Lufthansa pilots extend strike until Saturday for long-haul flights

Pilots at German flagship carrier Lufthansa stayed away from work for a second straight day, forcing the airline to scrap 912 flights and grounding 115,000 more passengers.
Pilots at German flagship carrier Lufthansa stayed away from work for a second straight day, forcing the airline to scrap 912 flights and grounding 115,000 more passengers. PHOTO: AFP

FRANKFURT (REUTERS) - Lufthansa pilots in Germany said they will extend strike action until Saturday and target long-haul flights, further raising pressure on management in a long-running pay dispute.

One of Europe’s biggest airlines, Lufthansa has already grounded nearly 1,800 flights since pilots represented by the Vereinigung Cockpit (VC) union went on strike on Wednesday (Nov 23), disrupting travel plans for more than 315,000 passengers.

The strike had originally been planned as a 24-hour walkout but has now been extended three times.

Lufthansa said earlier on Thursday (Nov 24) that it will scrap 830 short- and medium-haul flights on Friday, just over a quarter of its schedule, hitting more than 100,000 travellers.

Most long-haul flights will be unaffected on Friday, it said.

On Saturday, however, all long-haul flights leaving Germany until midnight will be affected, VC announced, without being more specific.

In a statement released after trading hours, VC said comments by Lufthansa chief executive Carsten Spohr that the carrier’s future would be on the line if pilots’ wages were raised “amount to a completely exaggerated dramatisation.”

Harry Hohmeister, a Lufthansa board member, said cancellations for the first two days of strike action had cost the airline about 20 million euros (S$30.25 million) and customers were making fewer bookings.

“Not only have we suffered severe damage (from the strike), but we’re also noticing from mid-term booking numbers that customer behaviour is changing,” Hohmeister said.

Shares in the company fell 1.1 per cent on Thursday, underperforming a slight gain in German blue chips.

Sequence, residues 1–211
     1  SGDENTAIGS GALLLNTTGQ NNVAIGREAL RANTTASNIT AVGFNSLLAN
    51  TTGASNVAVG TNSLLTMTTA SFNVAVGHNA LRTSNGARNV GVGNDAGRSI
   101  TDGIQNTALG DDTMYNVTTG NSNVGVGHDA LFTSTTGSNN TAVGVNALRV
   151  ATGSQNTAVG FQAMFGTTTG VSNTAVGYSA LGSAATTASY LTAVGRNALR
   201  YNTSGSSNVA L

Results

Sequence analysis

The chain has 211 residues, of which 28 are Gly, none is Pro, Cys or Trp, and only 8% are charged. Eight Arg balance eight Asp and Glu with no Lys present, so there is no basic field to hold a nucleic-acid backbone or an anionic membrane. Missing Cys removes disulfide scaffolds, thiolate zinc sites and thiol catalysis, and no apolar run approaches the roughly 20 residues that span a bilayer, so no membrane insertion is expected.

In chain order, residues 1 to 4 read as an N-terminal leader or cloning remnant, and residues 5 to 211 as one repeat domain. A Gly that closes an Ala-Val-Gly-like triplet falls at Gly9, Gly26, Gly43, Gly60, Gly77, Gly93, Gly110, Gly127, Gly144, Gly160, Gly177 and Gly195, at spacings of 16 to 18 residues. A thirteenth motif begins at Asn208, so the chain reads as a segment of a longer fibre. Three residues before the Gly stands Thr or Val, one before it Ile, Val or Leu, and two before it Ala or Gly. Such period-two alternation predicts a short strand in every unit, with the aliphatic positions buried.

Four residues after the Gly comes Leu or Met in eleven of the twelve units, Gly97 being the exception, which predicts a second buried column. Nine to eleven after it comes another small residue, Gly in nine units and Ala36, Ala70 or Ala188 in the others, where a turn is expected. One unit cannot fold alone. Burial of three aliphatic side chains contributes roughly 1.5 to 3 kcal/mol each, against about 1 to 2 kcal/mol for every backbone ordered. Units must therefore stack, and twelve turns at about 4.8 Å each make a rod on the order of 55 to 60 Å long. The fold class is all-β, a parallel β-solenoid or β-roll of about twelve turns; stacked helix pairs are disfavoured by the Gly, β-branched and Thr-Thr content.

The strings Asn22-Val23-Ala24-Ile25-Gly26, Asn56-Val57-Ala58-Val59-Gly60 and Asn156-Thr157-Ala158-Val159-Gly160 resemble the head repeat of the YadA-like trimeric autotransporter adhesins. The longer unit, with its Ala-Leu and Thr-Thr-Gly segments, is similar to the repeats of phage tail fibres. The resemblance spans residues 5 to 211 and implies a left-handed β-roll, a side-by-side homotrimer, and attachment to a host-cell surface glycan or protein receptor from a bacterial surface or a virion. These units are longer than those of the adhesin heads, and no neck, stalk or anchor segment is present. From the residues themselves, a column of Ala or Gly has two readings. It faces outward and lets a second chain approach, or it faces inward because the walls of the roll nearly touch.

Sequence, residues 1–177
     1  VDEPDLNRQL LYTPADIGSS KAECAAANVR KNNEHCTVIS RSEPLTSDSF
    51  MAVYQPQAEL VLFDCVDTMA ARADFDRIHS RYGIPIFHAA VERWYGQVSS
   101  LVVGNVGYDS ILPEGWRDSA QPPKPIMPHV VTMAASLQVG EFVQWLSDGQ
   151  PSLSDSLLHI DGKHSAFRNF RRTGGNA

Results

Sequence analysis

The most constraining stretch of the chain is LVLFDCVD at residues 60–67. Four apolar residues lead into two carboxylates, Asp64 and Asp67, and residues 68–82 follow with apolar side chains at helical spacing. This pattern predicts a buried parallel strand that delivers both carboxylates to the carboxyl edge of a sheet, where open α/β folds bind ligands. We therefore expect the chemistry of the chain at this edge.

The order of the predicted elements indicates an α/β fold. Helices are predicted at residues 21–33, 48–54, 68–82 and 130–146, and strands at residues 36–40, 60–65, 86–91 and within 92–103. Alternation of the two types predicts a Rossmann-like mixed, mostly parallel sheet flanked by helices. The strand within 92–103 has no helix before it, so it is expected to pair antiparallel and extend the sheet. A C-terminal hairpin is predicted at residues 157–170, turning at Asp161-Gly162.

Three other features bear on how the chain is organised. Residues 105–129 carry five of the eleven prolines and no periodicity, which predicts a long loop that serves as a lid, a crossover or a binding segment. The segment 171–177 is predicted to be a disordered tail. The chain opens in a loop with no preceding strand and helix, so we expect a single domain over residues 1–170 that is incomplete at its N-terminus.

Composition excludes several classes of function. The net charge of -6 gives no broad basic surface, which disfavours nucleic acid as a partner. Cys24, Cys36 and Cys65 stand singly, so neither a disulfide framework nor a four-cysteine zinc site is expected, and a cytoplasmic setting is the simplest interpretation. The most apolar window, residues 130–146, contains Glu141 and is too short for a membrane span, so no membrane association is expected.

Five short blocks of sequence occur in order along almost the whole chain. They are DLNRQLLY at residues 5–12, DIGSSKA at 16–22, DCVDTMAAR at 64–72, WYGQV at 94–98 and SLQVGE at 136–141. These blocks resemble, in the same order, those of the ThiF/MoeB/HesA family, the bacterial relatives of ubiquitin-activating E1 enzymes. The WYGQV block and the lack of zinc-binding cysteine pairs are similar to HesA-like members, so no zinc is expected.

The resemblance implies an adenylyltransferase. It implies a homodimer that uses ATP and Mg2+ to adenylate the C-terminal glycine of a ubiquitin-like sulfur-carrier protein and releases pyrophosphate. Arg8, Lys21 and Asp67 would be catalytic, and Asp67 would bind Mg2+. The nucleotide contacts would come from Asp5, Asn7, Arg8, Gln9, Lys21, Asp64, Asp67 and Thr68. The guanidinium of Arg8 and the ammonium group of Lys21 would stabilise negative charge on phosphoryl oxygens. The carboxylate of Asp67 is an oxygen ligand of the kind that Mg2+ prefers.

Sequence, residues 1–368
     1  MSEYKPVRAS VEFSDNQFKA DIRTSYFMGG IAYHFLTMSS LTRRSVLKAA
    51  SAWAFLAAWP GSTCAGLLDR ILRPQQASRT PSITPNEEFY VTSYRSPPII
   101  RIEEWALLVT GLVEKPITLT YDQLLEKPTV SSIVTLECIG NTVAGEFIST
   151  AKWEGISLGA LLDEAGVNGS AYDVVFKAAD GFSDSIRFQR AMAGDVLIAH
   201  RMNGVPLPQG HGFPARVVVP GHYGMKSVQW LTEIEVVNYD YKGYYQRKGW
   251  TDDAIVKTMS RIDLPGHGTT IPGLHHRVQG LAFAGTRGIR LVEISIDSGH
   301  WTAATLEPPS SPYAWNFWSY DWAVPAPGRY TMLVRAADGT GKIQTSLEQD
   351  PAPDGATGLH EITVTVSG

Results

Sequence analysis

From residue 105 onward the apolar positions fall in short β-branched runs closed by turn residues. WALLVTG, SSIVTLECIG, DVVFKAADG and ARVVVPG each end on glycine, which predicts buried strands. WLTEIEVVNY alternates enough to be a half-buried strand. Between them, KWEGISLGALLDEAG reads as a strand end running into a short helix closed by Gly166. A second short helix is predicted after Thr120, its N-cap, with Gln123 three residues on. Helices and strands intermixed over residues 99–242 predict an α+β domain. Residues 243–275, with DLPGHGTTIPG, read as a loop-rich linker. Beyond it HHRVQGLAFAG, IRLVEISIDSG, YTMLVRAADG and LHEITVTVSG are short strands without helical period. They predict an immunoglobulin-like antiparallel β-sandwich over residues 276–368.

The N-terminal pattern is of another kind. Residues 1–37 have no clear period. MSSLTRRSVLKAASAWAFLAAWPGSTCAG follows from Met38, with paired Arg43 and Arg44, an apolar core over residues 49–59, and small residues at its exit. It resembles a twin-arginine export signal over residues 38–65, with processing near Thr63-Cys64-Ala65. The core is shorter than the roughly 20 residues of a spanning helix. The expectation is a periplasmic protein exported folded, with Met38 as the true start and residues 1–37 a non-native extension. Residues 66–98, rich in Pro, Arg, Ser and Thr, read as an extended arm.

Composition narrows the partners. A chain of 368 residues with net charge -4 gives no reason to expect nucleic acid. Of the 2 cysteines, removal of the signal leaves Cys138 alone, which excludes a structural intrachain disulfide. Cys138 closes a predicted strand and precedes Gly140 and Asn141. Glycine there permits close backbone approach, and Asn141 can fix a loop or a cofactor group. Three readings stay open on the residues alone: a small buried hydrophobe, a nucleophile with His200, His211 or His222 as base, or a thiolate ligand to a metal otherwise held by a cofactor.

The pilots’ strike is their 14th walkout since early 2014. The union wants an average annual pay increase of 3.7 per cent for 5,400 pilots in Germany over a five-year period from 2012. Lufthansa has offered 2.5 per cent over six years to 2019.

The airline has urged the union to enter mediation, but the union said it wants to see a better offer first.

Lufthansa insists that despite a record profit in 2015, it has no choice but to cut costs to compete with leaner rivals such as Ryanair on short-haul routes and Emirates on long-haul flights.

It has already agreed deals with the main unions representing ground staff and cabin crew in Germany, leaving an agreement with its pilots outstanding.

“From a shareholder perspective we would rate the efforts of management to make the company financially sustainable in the long term as more valuable, than the short-term pain inflicted by the strikes,” Commerzbank analysts said in a note.

Pilot strikes in 2014 cost Lufthansa 222 million euros, roughly 21 million euros per day, according to the IW Cologne Institute for Economic Research. In 2015, walkouts by pilots and cabin crew cost it 231 million euros, around 30 million per day.

Despite the row with its German pilots, Lufthansa is also moving forward with plans to expand lower cost operations, using a Eurowings unit based in Austria. It is in talks over bringing operations from Air Berlin and Brussels Airlines into the Eurowings platform.

The row is mirrored at rival Air France-KLM, which has also seen pilot strikes in France over plans to lower costs.